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  • February 3, 2022 at 1:17 pm
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    Great spotlight on how greenwich assets are left to crumble as a direct result of greenwich council incompetence in reviewing the levy charges and putting some effort into maintaining our community buildings. There is a real amnd massive cost to Greenwichs awfulness.

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  • February 3, 2022 at 4:29 pm
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    I think that John Smith has hit the nail on the head with the low level of these charges: it is a lure, not that it is needed in Greenwich, to attract the developers. Greenwich is not being incompetent more like a patsy for big business.

    @Mr. D. Small: however much we wish Labour’s misrule to end, it is simply never going to happen. The numbers are not there for a change of regime.

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  • February 3, 2022 at 11:16 pm
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    Anon, I disagree, but am not as certain as you appear to be that change will ‘never’ happen. That’s a big word in modern politics and I believe Labour here are underestimating the move to Green issues. They are living in the past and (like the Tories pandering to the right) pandering to the car owning suburbs in the south- they’ll ignore the wealth generating Greenwich centre, East and Peninsula at their peril. That’s my gut feeling, but as I say, I’m in no way certain, but neither should you be! Change by stealth could happen, starting with the boundary changes. Huge majorities have changed elsewhere and could change here, despite the fact that I like the idea of Sir Keir as a new leader for the nation. Many new young families and couples/singles moving in to an area which is a desirable green area still, despite some massive overdevelopment. A few councillors changing to L/Dem and Green could begin the changes. I hope so. It certainly won’t turn Tory haha, of that I speak with (almost?) certainty!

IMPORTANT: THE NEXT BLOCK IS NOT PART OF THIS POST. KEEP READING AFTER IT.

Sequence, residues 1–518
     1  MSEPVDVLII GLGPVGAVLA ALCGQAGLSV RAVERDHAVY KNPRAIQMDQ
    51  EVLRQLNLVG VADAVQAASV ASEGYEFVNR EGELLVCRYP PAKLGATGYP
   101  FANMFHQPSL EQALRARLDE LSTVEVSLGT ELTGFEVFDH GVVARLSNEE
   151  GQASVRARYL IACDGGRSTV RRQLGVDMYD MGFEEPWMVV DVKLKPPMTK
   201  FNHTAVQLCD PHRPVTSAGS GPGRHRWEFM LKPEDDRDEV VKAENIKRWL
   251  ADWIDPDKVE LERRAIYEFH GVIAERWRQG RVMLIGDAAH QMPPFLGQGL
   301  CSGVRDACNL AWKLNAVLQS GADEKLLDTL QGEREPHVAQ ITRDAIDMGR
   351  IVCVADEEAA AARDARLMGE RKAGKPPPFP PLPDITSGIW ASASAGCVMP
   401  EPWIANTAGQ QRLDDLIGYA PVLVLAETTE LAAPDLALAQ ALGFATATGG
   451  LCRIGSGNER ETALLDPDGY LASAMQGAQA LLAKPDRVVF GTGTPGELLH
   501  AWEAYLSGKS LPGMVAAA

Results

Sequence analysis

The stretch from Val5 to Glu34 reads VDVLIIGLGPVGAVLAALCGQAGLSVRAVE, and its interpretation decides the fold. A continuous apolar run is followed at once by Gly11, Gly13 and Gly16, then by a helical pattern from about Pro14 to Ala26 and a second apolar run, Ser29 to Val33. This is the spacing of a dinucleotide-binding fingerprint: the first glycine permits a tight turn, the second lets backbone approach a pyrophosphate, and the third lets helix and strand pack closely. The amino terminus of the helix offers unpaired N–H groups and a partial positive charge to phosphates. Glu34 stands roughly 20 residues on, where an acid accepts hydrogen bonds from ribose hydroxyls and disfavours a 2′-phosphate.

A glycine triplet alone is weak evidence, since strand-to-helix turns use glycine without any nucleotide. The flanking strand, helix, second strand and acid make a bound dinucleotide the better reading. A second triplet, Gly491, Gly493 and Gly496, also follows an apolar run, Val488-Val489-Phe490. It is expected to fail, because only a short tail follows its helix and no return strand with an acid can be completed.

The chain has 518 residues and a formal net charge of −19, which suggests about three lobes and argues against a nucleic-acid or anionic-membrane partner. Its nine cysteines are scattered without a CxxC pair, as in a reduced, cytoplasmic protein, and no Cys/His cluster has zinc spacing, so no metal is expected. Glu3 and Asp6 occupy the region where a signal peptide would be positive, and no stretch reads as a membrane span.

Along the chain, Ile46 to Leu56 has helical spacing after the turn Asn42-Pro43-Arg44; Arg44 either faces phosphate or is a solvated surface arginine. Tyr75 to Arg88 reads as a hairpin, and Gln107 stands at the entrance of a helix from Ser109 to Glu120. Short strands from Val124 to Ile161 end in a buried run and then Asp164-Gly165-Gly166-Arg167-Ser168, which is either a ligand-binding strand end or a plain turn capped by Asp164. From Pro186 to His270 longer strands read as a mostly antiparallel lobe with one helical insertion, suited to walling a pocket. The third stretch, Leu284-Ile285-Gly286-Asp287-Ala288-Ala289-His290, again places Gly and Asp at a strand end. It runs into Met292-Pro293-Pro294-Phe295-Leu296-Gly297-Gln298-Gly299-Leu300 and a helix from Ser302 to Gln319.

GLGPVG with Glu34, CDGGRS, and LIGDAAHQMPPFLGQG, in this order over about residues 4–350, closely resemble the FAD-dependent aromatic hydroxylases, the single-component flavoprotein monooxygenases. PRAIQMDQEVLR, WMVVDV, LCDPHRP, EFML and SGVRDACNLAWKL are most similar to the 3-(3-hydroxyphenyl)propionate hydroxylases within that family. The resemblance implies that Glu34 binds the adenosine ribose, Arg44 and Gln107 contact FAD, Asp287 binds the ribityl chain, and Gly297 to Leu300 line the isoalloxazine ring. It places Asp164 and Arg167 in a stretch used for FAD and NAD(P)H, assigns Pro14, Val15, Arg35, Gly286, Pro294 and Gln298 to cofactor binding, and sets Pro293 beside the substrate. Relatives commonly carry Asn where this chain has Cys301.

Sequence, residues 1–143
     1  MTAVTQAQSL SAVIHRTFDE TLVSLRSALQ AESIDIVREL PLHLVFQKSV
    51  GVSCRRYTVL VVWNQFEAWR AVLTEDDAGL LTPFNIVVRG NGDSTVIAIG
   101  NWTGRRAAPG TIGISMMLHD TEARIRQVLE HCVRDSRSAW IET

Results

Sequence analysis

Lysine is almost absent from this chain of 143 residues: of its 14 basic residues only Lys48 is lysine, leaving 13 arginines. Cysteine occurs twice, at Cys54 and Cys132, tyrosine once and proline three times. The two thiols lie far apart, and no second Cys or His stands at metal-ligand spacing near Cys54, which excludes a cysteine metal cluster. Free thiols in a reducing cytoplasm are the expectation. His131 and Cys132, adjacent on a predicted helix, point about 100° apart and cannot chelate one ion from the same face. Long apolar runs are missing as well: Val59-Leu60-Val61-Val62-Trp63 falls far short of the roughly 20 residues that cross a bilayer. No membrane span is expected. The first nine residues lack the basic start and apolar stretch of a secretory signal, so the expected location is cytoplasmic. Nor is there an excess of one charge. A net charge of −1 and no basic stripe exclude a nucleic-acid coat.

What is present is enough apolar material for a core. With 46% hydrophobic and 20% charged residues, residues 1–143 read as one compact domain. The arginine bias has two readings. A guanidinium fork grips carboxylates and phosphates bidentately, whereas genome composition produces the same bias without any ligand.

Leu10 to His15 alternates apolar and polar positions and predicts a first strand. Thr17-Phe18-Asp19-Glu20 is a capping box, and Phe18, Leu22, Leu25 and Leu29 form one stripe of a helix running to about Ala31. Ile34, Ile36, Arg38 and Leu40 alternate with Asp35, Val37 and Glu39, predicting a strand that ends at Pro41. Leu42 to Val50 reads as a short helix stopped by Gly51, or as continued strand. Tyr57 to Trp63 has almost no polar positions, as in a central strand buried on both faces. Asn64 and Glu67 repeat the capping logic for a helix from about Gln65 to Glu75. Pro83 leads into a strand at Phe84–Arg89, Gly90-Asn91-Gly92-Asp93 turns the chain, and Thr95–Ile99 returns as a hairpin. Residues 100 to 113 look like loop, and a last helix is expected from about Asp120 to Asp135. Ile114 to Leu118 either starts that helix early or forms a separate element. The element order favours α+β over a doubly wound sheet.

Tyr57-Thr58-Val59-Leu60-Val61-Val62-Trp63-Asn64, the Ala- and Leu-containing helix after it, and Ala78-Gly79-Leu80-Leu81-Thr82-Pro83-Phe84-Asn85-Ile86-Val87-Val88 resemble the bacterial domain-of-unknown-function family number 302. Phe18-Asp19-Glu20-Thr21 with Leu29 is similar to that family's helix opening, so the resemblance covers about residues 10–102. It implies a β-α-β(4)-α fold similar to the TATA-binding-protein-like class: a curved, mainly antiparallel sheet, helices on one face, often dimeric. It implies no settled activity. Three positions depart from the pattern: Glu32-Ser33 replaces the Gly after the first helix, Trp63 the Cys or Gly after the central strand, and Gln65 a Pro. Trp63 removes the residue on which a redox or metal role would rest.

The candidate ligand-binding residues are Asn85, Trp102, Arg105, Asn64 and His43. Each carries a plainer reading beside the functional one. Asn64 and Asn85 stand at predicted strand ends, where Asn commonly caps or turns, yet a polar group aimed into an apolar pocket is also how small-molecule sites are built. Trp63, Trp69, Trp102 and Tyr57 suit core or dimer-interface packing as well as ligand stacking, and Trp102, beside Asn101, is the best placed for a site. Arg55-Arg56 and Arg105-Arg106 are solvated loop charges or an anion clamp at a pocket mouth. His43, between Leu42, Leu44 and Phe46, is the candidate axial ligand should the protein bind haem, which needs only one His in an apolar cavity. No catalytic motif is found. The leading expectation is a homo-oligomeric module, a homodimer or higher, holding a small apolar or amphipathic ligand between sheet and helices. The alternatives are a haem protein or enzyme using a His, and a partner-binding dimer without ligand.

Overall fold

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  • February 4, 2022 at 12:13 pm
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    Such a shame seeing the Greenwich Borough Halls building falling in to a state of neglect and disrepair.

    This impressive building could be a great asset for the Borough of Greenwich for use by the Community to hold various events exhibitions etc.

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  • February 4, 2022 at 12:29 pm
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    Any new homes built on the planned extension of the Greenwich Borough Halls must be in keeping with the existing Borough Halls building.

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  • February 6, 2022 at 2:02 pm
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    ‘A few councillors changing to L/Dem and Green could begin the changes.’ I admire your optimism @Mr. D. Small, but out of the 51 Greenwich council seats, Labour holds 42. There would need to be one hell of a revolt. I agree with you that Greenwich will never be Tory. The Johnson factor has seen to that.

    @Graham: Greenwich cannot even install replacement windows ‘in keeping with …’. I lived in a pleasant low rise block on Westcombe Park Road and when the major works project was undertaken, the council went for the cheapest, nastiest windows. Mind you, they turned out to be commensurate with the work done. I have a file of complaints to the council liaison manager.

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  • February 7, 2022 at 7:27 am
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    @ anonymous 201481 you be are not wrong when it comes to using the cheapest replacement windows.etc

    My windows were replaced by the Council around the year 2000. My double glazing gap is so thin between the two pains of glass that they are so much colder and draughty than the windows they replaced. So the energy rating in my home must be quite low compared by today,’s energy rating standards.

    Reply